Claudia Tebay, a native of Argentina, speaks about the challenges in translating and interpreting between Spanish and English. She talks about her education and how she decided to pursue interpretation as a career. Claudia also talks about why it is difficult for translators to become interpreters.



  1. But you also had the privilege to have lived in an official Spanish Speaking country, so your Spanish is very developed, pure and you have a good Spanish accent. Not everybody gets that.

  2. I would have thought that being bilingual would be the minimum requirement for being a translator. I know that translation is an art. Sometimes I have tried to translate something and it turned out so awkward. Anyway, I wish that I could have had translator training when I was young. Whatever translation I have done and that is very little was only done for my personal pleasure and just to see if I could do it. Of course, the problem is that I am not enough bilingual. There is simply way too much Spanish that I do not know. Once I was asked to interpret for a patient in the hospital where I worked and totally made a fool out of my self by using a wrong word. I never dared try that again.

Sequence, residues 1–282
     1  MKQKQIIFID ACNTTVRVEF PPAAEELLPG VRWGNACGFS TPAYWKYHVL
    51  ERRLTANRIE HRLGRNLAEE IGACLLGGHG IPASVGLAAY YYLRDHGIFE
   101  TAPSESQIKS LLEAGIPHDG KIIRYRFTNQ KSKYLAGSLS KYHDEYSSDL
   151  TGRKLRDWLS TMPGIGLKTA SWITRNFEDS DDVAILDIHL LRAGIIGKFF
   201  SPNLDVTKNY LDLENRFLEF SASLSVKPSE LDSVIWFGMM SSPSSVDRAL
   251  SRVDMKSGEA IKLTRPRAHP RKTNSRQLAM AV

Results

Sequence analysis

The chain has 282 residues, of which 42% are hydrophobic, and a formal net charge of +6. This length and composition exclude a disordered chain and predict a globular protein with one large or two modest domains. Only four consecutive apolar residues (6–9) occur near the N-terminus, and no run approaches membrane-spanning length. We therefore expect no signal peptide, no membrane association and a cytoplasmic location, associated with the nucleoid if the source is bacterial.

3. You can feel that her Spanish is not neutral, it is from Argentina. I am not sure if this is a good thing for an interpreter.

  4. La bandera que tienes atrás de ti es la de mi país Honduras y me gustaría ser un profesional en interpretación hay programas de becas ? hablo francés y intermedio ingles muchas gracias bella.

  5. She sounds Canadian when she speaks English. Cool.

    Those wanting the camera to zoom out to see more flags of the world can go to 5:38.

  6. So, you know, umm are words we tend to use instead of dead air time . Don't worry about it. You can work on that
    So 8times…… you know 16times…… um 19

    keep the love and peace


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